Heat the milk in a heavy-bottomed pot over medium-low heat. Add salt and stir occasionally to avoid burning the milk. As soon as the milk starts to simmer (about 180-190 degrees), pour in the lemon juice and vinegar and stir. The milk should begin to curdle – if not, add in a little more lemon juice or vinegar. Turn off the heat and let the milk rest for about 10 minutes. Line a colander with at least two layers of cheesecloth. Pour curdled milk into the cheesecloth, tie cloth and hang over a bowl for a 1/2 hour – hour to ensure all the whey has drained (be careful not to let it hang too long, as the result will be too dry).

Farmers Cheese Cheesecloth

Once drained, open cheesecloth and either refrigerate cheese immediately or transfer to a plate to serve. If serving immediately, season with your favorite items: olive oil, lemon zest, salt and pepper and/or favorite fresh herbs such as thyme, parsley and oregano.

Farmers Cheese

This mild cheese is great on crackers or on your favorite crostini. I recently served it up over a crostini topped by tomatoes, basil and olive oil.

It’s Fig Season

Fresh Creekview Figs

The California fig season is officially underway! These fragile, pear-shaped beauties are one of our favorites and between Rochelle and I, we are fortunate enough to have five beautiful fig trees to harvest from. Plump and mildly sweet, fresh figs are delicious in their natural state or can be added to an array of savory or sweet dishes. Below are a few of our favorite ways to enjoy fresh California figs:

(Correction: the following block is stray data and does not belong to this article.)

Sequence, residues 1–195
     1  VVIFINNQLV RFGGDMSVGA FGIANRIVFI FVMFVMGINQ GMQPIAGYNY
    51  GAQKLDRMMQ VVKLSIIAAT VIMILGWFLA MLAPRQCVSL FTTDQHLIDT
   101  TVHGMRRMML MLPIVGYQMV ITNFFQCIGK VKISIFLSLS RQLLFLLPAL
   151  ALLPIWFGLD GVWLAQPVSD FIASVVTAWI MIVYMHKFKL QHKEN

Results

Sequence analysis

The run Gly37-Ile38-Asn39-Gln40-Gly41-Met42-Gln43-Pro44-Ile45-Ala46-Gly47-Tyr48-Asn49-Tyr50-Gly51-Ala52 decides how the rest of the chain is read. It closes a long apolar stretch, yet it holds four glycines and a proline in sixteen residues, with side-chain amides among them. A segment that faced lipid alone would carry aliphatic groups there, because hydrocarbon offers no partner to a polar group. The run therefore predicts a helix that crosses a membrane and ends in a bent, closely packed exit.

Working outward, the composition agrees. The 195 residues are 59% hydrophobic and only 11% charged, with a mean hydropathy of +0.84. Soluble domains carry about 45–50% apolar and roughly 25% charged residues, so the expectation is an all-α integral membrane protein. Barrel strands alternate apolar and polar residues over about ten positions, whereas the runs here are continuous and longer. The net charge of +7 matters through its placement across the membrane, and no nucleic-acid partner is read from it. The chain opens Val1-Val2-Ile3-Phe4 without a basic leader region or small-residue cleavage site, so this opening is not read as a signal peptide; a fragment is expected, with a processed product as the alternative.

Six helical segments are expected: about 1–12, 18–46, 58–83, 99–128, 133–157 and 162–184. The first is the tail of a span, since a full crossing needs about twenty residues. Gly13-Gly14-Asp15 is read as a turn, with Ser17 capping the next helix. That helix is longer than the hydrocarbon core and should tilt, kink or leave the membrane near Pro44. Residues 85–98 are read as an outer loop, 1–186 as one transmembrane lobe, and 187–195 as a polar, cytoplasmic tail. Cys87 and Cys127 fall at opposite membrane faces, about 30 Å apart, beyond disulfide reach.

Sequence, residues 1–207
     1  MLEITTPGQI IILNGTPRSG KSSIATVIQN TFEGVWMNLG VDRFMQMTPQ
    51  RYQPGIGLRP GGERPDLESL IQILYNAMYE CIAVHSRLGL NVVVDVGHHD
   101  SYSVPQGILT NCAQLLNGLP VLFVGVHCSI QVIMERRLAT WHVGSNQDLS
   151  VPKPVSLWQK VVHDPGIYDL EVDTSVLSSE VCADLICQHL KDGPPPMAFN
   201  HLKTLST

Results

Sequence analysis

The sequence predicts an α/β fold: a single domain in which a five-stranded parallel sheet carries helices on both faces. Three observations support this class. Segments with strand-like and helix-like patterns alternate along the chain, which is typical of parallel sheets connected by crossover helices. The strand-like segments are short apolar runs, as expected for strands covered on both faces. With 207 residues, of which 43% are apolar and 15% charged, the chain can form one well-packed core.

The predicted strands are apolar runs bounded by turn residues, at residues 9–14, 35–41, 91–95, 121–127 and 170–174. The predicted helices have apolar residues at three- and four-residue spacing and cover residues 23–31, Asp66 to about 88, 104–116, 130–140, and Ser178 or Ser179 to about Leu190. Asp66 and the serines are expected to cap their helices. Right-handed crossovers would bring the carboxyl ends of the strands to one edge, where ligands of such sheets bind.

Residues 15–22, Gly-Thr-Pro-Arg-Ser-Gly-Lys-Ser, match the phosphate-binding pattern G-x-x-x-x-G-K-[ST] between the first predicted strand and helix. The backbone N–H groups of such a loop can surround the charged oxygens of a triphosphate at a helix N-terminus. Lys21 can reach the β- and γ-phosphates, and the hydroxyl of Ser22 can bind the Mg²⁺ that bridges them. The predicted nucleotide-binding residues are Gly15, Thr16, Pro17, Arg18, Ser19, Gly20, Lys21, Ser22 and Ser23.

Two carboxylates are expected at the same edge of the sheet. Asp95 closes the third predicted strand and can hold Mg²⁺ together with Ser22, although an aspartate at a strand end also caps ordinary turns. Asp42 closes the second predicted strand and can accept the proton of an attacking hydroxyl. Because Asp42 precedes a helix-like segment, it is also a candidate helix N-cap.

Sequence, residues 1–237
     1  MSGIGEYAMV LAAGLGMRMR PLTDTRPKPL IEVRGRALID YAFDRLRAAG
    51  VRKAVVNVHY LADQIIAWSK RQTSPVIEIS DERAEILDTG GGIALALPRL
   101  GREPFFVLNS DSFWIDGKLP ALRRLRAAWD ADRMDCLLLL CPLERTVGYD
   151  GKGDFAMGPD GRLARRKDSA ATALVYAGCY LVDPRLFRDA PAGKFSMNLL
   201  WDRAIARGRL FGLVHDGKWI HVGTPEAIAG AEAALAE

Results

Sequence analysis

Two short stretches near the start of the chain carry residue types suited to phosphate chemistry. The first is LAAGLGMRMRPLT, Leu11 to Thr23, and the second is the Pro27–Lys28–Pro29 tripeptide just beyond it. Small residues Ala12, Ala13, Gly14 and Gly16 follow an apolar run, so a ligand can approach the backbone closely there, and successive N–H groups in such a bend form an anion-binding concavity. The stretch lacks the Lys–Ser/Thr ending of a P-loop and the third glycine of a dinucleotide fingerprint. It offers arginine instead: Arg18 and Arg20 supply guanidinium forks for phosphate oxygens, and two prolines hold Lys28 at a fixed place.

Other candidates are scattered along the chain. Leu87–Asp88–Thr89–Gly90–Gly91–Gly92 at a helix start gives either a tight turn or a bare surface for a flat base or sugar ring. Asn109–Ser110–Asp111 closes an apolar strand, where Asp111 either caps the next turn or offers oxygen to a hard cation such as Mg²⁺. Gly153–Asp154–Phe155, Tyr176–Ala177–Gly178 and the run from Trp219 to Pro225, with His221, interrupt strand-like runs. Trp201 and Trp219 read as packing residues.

Goat Cheese and Fig Toast

Goat Cheese Fig Toast

  • Bread of your choice, toasted (we use Beckmanns bread from our local farmers market)
  • Fresh figs, sliced
  • Fresh chèvre
  • Raw organic honey
  • Olive oil
  • Salt and pepper
  • Fresh thyme

Drizzle toast with olive oil, season lightly with salt and pepper and toast. Spread the fresh goat cheese on the warm toast, drizzle with honey, add a little pepper and top with fresh fig slices. Garnish with thyme.

Fig Salsa

Fig Salsa Aprons & Stilettos

Add this easy-to-make salsa to sliced, smoked steak for a hint of sweetness.

  • Fresh figs, cut into bite sized pieces
  • 2 tablespoons olive oil
  • 2 tablespoons rice wine vinegar
  • Fresh parsley, chopped
  • Scallions, chopped
  • Pinch salt & pepper
  • Blue cheese

Mix together oil, vinegar, salt and pepper. Drizzle over figs, add parsley and scallions and mix to combine. Garnish with blue cheese crumbles. Also, great on a steak crostini!

Steak Crostini Figs

Blue Cheese, Honey and Walnut Figs

Blue Cheese, Honey and Fig Appetizer

This super easy, savory appetizer bursts with some incredible flavors. The saltiness of the blue cheese complements the sweetness of the ripe homegrown figs finished with a delightful nuttiness of toasted organic walnuts. Click here for the recipe

Rosemary Infused Goat Cheese Figs

Rosemary Figs

Here’s another extremely easy, yet delicious appetizer that takes only 20 minutes to make. Click here for the recipe

Fig, Prosciutto and Blue Cheese Pizza

Fig Pizza

Add figs to your homemade pizza, trust us – it’s delicious. Click here for the recipe